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Durham leaders want Durham jobs to go to Durham residents

BioMerieux, which employs 800 people in Durham, manufactures blood culture bottles and instruments and reagents for bacterial testing. It expects increased business from biomedical firms that develop new diagnostic tests in response to new standards established 21st Century Cures Act.
BioMerieux, which employs 800 people in Durham, manufactures blood culture bottles and instruments and reagents for bacterial testing. It expects increased business from biomedical firms that develop new diagnostic tests in response to new standards established 21st Century Cures Act. N&O FILE PHOTO

Durham’s unemployment is low, but county leaders still want to make sure those already living here have their best shot at new jobs.

The region has seen steady job growth in the last five years. Durham County’s unemployment rate now is 3.3 percent. A couple of months ago it was 2.8 percent. Both are lower than in about 20 years, said Paul Grantham, the chair of the Durham Workforce Development Board.

Andre Pettigrew, director of the city’s Office of Economic and Workforce Development, said they are focusing on helping those just getting out of high school, who are justice-involved and who don’t have enough training. The city will also increase its paid internships from 200 to 300 this summer, he said, and wants that number to reach 1,000.

Pettigrew said they especially want to help people find jobs that pay living wages in four areas:

Health and life sciences

Construction

Advanced manufacturing

Information technology

And they’d like Durham jobs to go to Durham residents.

In January, the county commissioners approved a $750,000 economic development incentive forbiotechnology company Avexis, bringing 200 new jobs to Durham, said Commissioner Ellen Reckhow.

“How do we get our residents into those jobs?” Reckhow asked. She referenced a 2017 study by Duke University public policy students that reported in 2014, nearly 1 in 4 Durham County residents worked in Wake County. Meanwhile, commuting from Wake into Durham had increased 64 percent between 2002 and 2014.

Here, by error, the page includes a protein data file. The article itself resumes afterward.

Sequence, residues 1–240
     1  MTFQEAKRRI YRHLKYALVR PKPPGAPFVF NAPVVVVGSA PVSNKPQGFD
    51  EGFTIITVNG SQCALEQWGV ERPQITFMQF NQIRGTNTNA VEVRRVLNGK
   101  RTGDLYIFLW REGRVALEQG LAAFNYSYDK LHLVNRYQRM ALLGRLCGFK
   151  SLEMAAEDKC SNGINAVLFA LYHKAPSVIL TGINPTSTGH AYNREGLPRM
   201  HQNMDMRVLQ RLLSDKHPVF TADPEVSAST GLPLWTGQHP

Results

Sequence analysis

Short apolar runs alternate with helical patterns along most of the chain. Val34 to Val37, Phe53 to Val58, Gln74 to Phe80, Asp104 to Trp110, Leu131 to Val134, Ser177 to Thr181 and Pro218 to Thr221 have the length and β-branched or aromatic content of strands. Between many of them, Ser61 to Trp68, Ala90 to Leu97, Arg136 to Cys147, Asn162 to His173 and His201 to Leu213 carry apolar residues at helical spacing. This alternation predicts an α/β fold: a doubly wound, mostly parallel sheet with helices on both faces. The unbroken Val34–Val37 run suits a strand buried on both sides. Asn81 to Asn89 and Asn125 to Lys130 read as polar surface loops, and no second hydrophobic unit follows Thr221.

The private sector isn’t providing enough paid internships, she added. “The city and county have stepped up big time. But what can our private sector do in that regard?” she asked.

Grantham said they want to increase the workforce pool by creating a pipeline of Durham residents already interested in pursuing careers here starting in high school.

Some county commissioners want to start even earlier.

“I hope you reach out to DPS [Durham Public Schools] and engage students as early as middle school,” Reckhow said. “By the time they go to high school, in ninth grade, a lot of them may have mentally checked out ... We need to get them excited earlier.”

Commissioner James Hill said that while students need to be 16 to work, Economic and Workforce Development could still reach out when they are younger.

“To really bring that interest, it is going to start in the last few years of elementary school and middle school,” he said. “I just implore you to really focus on the middle-school kids.”

“There just seems to be a core of poverty in Durham that we have to break. We keep doing these same programs, keep saying we’re doing the same things, and we don’t seem to reach people. The people we need to talk to — they are not in this room right now. We are going to have to go out and talk to people,” he said.

Hill said they need to tell to students in fifth, sixth and seventh grades that they can become an electrician or a plumber out of high school.

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